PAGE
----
Meadowdale International Raceway was a 3.27 mile road course near Carpentersville, Illinois. It opened in 1958, and was used until 1969. The site of the track is now a forest preserve and the original track is serving as a walking path.
The historical note was contributed by Bill Pohnan, who has an extensive Meadowdale historical site listed in the table of contents. His book on Meadowdale was due to be published sometime this year (2005).
Last Updated: 2005-11-06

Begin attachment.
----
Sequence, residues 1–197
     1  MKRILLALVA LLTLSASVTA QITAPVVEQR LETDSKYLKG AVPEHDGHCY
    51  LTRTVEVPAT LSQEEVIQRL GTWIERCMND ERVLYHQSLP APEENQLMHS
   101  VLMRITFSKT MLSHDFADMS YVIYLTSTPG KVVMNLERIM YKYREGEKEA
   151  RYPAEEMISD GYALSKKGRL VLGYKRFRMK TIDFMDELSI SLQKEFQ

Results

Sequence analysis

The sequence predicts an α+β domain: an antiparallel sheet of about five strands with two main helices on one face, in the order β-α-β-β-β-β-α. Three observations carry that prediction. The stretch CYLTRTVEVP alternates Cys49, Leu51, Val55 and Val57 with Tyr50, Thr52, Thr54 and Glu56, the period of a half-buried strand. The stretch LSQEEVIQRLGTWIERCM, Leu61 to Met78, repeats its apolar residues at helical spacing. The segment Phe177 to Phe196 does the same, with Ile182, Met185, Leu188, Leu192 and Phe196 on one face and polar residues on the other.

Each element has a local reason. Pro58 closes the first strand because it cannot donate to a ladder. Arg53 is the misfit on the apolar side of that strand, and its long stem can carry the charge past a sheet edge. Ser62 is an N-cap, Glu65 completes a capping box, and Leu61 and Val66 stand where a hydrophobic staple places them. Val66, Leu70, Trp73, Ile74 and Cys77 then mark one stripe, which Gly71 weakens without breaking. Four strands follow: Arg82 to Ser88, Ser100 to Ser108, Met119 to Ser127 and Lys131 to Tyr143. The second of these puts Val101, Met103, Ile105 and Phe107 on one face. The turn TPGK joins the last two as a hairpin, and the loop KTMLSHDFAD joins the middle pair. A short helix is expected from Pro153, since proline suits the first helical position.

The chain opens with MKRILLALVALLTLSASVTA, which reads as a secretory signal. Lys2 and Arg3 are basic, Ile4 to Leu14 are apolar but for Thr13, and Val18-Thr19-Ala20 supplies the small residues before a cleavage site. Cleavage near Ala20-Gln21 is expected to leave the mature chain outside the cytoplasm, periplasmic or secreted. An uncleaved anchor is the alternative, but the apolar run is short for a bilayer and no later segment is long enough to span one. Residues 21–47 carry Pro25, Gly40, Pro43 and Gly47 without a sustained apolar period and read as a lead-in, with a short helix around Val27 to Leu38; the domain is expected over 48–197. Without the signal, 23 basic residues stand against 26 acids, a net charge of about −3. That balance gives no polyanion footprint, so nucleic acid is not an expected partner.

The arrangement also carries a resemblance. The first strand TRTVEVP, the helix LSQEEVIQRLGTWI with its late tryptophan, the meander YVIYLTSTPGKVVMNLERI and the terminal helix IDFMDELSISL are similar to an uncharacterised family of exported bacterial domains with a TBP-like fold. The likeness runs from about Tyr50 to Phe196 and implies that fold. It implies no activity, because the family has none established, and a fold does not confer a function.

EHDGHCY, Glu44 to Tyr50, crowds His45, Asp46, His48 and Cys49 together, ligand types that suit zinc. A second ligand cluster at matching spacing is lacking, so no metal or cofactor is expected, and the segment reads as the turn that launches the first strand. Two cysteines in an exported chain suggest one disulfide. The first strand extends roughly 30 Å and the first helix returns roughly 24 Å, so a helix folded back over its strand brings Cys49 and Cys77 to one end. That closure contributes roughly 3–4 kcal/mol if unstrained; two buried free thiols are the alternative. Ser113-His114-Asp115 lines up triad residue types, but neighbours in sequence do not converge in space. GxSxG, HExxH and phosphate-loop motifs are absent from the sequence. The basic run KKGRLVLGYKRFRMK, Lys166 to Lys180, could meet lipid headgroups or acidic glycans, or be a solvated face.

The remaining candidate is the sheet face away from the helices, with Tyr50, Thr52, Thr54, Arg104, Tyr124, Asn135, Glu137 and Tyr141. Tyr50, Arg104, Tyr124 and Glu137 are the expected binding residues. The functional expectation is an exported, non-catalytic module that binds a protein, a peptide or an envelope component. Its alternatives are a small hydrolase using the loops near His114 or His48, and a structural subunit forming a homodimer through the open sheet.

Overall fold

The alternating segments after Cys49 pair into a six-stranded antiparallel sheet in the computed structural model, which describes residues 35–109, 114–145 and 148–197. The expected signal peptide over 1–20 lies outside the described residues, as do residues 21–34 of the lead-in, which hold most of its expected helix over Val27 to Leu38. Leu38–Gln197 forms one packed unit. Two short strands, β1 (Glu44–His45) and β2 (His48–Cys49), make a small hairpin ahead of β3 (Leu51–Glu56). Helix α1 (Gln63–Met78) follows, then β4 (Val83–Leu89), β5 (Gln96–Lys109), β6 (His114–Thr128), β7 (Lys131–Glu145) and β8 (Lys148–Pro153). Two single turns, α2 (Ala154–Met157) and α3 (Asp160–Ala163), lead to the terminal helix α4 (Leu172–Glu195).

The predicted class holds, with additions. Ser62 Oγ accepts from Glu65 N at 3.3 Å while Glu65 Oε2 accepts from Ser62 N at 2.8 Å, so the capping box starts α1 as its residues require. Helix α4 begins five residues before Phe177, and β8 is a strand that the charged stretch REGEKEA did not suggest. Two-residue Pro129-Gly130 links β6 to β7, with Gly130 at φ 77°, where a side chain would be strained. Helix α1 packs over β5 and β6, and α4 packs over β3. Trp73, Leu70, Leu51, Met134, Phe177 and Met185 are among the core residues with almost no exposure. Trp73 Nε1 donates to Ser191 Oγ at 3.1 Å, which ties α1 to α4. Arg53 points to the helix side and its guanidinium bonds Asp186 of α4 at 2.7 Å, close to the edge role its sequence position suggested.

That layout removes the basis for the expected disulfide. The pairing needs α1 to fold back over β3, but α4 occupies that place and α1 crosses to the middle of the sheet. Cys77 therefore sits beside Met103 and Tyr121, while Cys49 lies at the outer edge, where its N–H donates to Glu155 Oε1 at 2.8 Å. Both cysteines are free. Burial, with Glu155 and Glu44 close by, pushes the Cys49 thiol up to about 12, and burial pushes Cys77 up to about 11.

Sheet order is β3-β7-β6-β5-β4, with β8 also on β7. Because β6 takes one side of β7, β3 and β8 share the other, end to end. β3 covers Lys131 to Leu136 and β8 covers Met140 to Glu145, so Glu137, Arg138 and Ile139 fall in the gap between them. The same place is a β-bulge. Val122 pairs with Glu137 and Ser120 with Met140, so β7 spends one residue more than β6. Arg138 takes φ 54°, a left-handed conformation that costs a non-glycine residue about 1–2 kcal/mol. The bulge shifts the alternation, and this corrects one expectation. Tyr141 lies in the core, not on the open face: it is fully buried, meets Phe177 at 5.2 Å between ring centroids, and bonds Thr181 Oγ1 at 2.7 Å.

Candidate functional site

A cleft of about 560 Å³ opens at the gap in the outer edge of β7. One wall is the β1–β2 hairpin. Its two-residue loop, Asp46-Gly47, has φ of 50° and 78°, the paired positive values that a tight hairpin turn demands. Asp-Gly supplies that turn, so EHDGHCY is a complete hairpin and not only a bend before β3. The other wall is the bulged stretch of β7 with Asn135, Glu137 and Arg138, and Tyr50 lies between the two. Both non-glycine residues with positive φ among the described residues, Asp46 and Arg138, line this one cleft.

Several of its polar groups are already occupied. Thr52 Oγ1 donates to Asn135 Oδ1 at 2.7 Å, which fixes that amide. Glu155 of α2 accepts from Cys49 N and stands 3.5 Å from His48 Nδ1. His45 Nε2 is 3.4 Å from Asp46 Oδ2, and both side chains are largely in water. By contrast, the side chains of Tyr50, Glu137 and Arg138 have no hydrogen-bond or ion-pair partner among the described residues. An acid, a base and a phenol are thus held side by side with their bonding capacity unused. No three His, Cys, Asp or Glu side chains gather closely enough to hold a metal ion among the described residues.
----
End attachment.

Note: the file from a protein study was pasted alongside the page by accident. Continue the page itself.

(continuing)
Meadowdale International Raceway was a 3.27 mile track located in Carpentersville, Illinois. This challenging course combined features of both oval track and open road racing. A 4000 foot long main straight and huge Monza Wall were just two of its more notable features. Most of the track was laid out on flat, open farmland, but the eastern portion featured curves, climbs and esses that undulated through a forest and over the western side of the Fox River Valley. The facility opened during the weekend of September 13-14, 1958 - a mere six months after the building permit was issued. A reported 150,000 spectators saw Chuck Daigh win the Feature Race in a Scarab. Racing continued at Meadowdale into the mid-60's, but attendance steadily declined due to several factors including: massive traffic jambs caused by the limited local infrastructure, changing race schedules resulting from conflicts with various sanctioning organizations and poor spectator conditions (long walks from the parking area, heat, dust etc). The course underwent a major renovation about 1967, during which the famous Monza Wall was leveled, and other improvements made Efforts to boost attendance by altering the original course, promoting motorcycle and snow-mobile racing, and changing management all proved fruitless. Racing all but ceased after the 1968 season. By the early '70s the track had deteriorated to the point where talk of reopening the facility stopped.
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